I have a small confession to make:  I am addicted to trivia.  Pub trivia is one of my favorite things ever because trivia AND beer?  (And also maybe curly fries?)  It’s the perfect combination!  I like trivia so much that I participate in the annual trivia contest at my law school, which comes complete with little light-up buzzers and a bracket and everything.  It’s all very Scholastic Bowl, in a fabulous way. 

If I’m honest with myself, part of the reason I like trivia so much is that it gives me a chance to show off and feel smart.  Even though I excel at categories like “obscure Saved By The Bell references” and “Who in Hollywood is Married to Who?” instead of categories like “Great Works of Literature” or “Things that Have Happened in History,”  I’m pretty quick on the buzzer, and I really like the feeling of securing victory for my team by knowing the name of Corey’s girlfriend on “Boy Meets World.”  (Yes, that actually happened.  And I know at least some of you know her name, too.)

See, I’ve always been “smart.”  Not “pretty,” or “fun” or “crazy”- just “smart.”  (Cue tiny violins playing sad sad songs here.)  And while I think, truthfully, that I’ve gotten better at “pretty” and “fun” as I’ve grown into an adult, years and years of thinking that all my positive traits were lodged in my intelligence has left a powerful mark on my personality.  I really get my back up when people treat me like I’m dumb, to the point where I sometimes assume that someone is treating me like they think I’m dumb when maybe they’re just being normal.   I became really defensive if I perceived people making assumptions about me when they learned I was a public school teacher.  (Anyone who said “those who can, do, and those who can’t, teach,” even jokingly, in my presence was liable to get a heaping dose of sanctimonious anger.  I was really fun to be around in those days, let me tell you.) Trivia plays right into this- I can assert my cleverness by knowing random bits of things, without ever having to construct cogent arguments or write any papers or anything!  Plus, sometimes there’s beer!

Well, my law school trivia team took a nasty beating yesterday.  While we never had a chance to make it to the finals (there are some scary people here who are just waaaaaay too good at the history and law questions) it was still sort of a bummer to get beaten pretty much single-handedly by a nerdy 2L who appears to have memorized the Encyclopedia.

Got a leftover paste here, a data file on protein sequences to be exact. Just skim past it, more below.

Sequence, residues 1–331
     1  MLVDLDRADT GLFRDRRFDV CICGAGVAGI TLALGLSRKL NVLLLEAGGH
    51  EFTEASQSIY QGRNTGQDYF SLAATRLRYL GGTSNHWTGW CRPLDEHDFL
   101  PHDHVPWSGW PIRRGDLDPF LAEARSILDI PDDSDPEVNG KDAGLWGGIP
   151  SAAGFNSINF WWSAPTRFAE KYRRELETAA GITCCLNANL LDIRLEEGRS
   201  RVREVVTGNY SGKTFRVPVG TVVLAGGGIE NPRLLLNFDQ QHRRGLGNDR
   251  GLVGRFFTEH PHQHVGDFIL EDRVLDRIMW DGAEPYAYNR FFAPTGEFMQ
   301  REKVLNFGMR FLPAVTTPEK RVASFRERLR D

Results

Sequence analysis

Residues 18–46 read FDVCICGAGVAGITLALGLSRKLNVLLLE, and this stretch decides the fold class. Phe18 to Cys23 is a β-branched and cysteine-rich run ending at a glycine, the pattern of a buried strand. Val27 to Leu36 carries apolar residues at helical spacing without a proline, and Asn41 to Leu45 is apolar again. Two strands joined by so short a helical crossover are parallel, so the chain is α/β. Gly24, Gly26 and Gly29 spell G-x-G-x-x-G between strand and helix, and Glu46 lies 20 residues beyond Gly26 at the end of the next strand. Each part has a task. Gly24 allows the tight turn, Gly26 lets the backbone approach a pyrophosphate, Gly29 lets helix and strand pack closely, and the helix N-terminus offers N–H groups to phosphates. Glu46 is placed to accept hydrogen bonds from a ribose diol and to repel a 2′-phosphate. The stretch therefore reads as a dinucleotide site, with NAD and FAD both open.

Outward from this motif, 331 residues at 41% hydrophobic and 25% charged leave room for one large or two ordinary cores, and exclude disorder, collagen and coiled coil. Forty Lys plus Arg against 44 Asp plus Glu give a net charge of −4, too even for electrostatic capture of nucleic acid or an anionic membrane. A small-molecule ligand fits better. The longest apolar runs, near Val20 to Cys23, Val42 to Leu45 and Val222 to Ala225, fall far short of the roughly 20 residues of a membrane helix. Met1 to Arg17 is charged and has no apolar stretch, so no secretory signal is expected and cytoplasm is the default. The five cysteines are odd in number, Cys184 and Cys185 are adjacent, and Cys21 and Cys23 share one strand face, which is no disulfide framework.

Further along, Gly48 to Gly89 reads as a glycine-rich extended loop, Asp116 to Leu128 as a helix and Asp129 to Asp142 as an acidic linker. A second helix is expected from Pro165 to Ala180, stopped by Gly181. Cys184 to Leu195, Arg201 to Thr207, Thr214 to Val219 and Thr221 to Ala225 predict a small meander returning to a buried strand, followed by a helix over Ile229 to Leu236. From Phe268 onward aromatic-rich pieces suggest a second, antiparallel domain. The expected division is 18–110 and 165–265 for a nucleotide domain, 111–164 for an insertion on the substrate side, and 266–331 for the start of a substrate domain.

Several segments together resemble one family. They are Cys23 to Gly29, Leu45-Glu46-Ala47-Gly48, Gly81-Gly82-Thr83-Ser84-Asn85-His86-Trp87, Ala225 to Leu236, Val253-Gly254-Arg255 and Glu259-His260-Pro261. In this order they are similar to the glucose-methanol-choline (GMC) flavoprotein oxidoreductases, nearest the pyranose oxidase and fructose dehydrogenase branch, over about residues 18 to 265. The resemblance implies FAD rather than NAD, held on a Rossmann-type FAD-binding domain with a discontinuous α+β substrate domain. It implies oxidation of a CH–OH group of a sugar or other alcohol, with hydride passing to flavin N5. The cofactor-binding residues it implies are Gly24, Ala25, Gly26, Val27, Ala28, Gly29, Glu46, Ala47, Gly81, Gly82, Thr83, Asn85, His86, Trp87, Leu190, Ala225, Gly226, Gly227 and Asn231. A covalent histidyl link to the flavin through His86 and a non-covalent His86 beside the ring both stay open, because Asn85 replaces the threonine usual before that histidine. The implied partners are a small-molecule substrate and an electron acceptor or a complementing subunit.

Then, something amazing happened. I turned on the TV last night and discovered a show called “Are You Smarter Than a Fifth Grader?  Hosted by Jeff Foxworthy, (who looks for all the world like he would rather be anyplace on Earth, including in the dentist’s chair, instead of hosting a show called “Are You Smarter than a Fifth Grader,”) the premise is a lot like “Who Wants to Be a Millionaire,” with each correct answer earning you more money.  But here’s the twist- unlike “Millionaire,” the questions on “AYSTA5G” are all elementary school level questions, sorted into categories like “3rd grade science” and “2nd grade astronomy.”  And instead of phoning a friend or polling the audience, there is a group of very telegenic fifth-grade-age child actors ready to help you out if you get stuck.

Sample questions:

“What star is closest to earth?”

“How many sides in a trapezoid?”

“How many decades in two millennia?”

I had watched almost the entire episode, squirming with delight and superiority that “this is so DUMB!  People are so DUMB!  I am comparatively so SMART!” before I realized that that is almost certainly the intent of the show.  It’s pitched right at people like me, who enjoy the feeling of intellectual superiority just a leeeetle too much.  Watching some genius get all the questions right on Jeopardy is fine, but rarely do I finish watching an episode thinking “man, I watching that really made me feel better about myself!”  This show, though, allowed me to smile smugly, thinking “Heh! I am such a genius!” 

Sadly, because “smugness” is one of my least favorite human traits, I’m afraid I am not going to be able to watch this show anymore because it just makes me too smug.  Which is a shame, because it was really lovely to have a nice, easy way to feel smart at the end of a hard day.